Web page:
Poisoned ex-spy Litvinenko fights for life

A former Russian security agent said to have been poisoned in London continued his fight for life in hospital today.

Alexander Litvinenko may have only a 50% chance of surviving the next four weeks, according to friends.

Meanwhile an Italian professor who met him at a Japanese restaurant in London shortly before he fell ill has gone into hiding after being interviewed by British intelligence officials in Rome.

Mr Litvinenko, a former colonel in the FSB – successor to the KGB – was reportedly taken ill on November 1 while investigating the murder of dissident Russian journalist Anna Politkovskaya.

The 44-year-old is thought to have been poisoned following a secret meeting with the academic, Mario Scaramella, at a sushi bar in Piccadilly.

Mr Litvinenko had reportedly received documents which claimed to name her killers.

He is said to have been poisoned with thallium, a highly-toxic, colourless and odourless chemical once used in rat and ant killer.

Alex Goldfarb, who brought him to Britain six years ago and has been visiting him in hospital, said he had been warned that his friend’s chances of survival were only 50/50.

But he sounded a more hopeful note leaving University College Hospital last night, saying: “Alexander is a very, very strong man and we all hope that he will get through this.”

He managed to speak to him for only a few minutes yesterday because Mr Litvinenko was talking to police for a third day.

Mr Goldfarb said today that he believed Mr Litvinenko had been targeted by the Russian regime.

“Of course we do not have any direct evidence other than he met some people during that day,” he told the BBC Radio 4 Today programme.

“He actually had a couple of meetings where he had drinks and this poison could be sprinkled there.

Challenged as to Moscow’s involvement in the apparent attempted killing, Mr Goldfarb went on: “What else do we need? The suspected killers have a record of similar murders. The only difference is it’s here and not there.

“It’s very difficult to imagine the President’s ordered the killing, it’s true, and nobody’s saying that Putin personally ordered it, though it’s very likely.”

Mr Goldfarb said Mr Litvinenko had been treated first at Barnet Hospital in north London, but was moved to UCH when his condition worsened.

“He has potential for heart failure, and his immune system is knocked out, making him very susceptible to infection.”

The allegations that Mr Litvinenko was the victim of an attack by the Russian regime evoke echoes of Cold War incidents such as the assassination of Georgi Markov, the Bulgarian dissident murdered in London with a poison-tipped umbrella in 1978.

A Scotland Yard spokesman said: “We can confirm that officers from the Specialist Crime Directorate are investigating a suspicious poisoning. There are no arrests and inquiries continue.

“His condition is serious but stable.”

A close friend of Mr Scaramella revealed what he had done after realising he was the last person to see Mr Litvinenko before he fell ill.

The Italian political source, who did not wish to be named, said: “Mario is very scared at the moment. He is worried that the Russians and the Chechens are after him. He has obviously been made some sort of scapegoat.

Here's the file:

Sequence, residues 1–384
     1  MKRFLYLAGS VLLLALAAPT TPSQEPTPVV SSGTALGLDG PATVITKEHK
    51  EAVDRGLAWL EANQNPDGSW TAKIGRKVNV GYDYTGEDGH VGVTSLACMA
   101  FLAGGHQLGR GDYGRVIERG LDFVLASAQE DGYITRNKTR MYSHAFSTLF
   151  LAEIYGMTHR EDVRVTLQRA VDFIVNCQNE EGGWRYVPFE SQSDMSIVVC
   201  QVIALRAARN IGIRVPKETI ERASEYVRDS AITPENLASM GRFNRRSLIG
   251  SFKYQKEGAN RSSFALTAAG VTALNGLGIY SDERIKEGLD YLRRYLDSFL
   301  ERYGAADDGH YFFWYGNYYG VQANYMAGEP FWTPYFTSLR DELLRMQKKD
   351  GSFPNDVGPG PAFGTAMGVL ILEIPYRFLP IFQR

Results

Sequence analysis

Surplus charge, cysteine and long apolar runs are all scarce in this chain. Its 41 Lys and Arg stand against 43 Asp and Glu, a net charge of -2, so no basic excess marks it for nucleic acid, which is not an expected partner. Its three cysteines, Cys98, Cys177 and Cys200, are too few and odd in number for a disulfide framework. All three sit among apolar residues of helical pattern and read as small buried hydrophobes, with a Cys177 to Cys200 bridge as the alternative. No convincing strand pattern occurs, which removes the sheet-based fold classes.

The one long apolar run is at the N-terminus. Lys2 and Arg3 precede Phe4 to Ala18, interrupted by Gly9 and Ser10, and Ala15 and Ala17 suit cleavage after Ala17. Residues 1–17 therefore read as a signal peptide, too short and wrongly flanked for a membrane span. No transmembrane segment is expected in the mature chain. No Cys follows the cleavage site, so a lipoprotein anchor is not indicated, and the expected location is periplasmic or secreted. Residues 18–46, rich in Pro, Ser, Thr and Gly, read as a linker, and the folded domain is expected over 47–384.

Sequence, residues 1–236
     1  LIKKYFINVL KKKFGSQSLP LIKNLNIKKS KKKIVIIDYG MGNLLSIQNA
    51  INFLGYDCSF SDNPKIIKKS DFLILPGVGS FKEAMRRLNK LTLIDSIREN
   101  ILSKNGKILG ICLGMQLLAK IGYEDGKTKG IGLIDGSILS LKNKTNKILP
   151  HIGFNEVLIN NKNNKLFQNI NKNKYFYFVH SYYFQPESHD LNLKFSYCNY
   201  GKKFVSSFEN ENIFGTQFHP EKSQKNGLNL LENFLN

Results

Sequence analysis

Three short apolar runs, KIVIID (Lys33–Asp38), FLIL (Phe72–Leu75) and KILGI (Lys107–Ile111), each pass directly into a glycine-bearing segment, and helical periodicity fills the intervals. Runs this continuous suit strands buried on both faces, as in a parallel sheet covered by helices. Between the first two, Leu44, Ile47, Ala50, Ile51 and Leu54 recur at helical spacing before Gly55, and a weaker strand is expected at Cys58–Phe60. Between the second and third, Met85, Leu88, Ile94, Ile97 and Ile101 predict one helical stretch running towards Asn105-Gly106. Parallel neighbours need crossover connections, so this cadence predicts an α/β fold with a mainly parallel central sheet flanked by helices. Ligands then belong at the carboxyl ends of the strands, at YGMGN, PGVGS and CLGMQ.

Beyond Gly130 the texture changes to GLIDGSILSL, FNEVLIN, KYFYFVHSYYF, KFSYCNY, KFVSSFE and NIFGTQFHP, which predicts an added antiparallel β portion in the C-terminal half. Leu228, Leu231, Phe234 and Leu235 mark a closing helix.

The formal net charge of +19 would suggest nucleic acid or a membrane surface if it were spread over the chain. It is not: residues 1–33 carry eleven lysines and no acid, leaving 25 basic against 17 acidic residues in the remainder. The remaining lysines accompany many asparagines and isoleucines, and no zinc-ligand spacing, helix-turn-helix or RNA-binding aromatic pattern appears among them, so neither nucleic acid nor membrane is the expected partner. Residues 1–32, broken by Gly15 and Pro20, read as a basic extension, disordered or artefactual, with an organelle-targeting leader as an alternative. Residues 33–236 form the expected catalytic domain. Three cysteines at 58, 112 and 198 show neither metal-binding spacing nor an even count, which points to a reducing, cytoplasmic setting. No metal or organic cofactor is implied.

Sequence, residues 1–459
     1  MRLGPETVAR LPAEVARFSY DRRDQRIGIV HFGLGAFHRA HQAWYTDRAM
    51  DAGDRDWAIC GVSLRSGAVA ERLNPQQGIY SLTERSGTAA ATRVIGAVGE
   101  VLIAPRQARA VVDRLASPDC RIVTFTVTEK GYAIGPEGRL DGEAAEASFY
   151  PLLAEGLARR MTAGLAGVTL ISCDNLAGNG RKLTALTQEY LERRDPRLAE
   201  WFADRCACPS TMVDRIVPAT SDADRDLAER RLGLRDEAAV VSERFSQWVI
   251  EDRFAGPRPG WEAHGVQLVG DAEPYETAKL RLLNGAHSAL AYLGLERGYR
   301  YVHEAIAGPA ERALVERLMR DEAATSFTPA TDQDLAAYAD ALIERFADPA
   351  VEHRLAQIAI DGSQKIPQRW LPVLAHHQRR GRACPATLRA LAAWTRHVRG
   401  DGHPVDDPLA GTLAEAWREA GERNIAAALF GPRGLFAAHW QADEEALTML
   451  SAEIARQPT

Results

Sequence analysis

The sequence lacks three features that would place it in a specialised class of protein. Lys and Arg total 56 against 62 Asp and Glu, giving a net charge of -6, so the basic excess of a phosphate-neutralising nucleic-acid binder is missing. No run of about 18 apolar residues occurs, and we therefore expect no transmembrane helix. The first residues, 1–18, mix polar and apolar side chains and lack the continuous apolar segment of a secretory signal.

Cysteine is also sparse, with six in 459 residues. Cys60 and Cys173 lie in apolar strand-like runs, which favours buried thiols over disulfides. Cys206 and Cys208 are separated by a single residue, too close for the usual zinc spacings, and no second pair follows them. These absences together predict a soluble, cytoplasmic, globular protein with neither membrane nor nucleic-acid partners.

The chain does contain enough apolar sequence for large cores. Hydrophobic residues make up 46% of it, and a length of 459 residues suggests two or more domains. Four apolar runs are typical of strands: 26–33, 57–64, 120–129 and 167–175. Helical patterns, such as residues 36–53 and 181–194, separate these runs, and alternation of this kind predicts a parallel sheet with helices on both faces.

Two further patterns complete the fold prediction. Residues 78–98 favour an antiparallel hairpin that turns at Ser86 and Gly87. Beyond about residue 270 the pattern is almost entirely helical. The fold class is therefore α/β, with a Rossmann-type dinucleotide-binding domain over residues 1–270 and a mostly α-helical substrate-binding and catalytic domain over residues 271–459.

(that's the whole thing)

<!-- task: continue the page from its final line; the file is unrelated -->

“Mario is very well connected and has a lot of sources within the intelligence agencies but he did not have any involvement in the attempt on Litvinenko’s life.

“I know that as soon as he heard, Mario went to the British Embassy in Rome and asked to speak to intelligence officers there. He told them everything he knew and he left. This was around a week ago.

“Mario was very good at finding and gathering information in Russia and has very good connections there.

“The last time I spoke to him he felt very worried and threatened. He was very concerned because he feels he has been set up.

“Mario was the last man to see Litvinenko before the attempt on his life so there is going to be some suggestion that he was involved but he is adamant he had nothing to do with it.”

A British Embassy spokesman in Rome would only say: “As the police are investigating this matter it would not be appropriate to make any comment.”

Mr Scaramella is an environmental professor who has lectured in the United States and his home town of Naples in southern Italy.

He was also a consultant on the Italian government’s Mitrokhin Commission which investigated the KGB’s activities in Italy.

The commission also looked at ties between the KGB and the Red Brigade terrorists and he is also an investigating magistrate who looked at links between the Russian and Italian Mafia.

News reports in Italy have also suggested that he was a member of SISMI, the Italian secret services as well as also working for the CIA and Colombian intelligence.

Two years ago he was also the victim of an attempted assassination when he was shot at several times by a gunman from the Camorra, the Naples Mafia, while supervising the demolition of an illegal building constructed by a suspected godfather.

The Japanese restaurant itsu, where the pair met, has an unremarkable facade in between a Vodafone store and a shop selling ipods and accessories, a few hundred yards from the Ritz Hotel in the direction of Piccadilly Circus.

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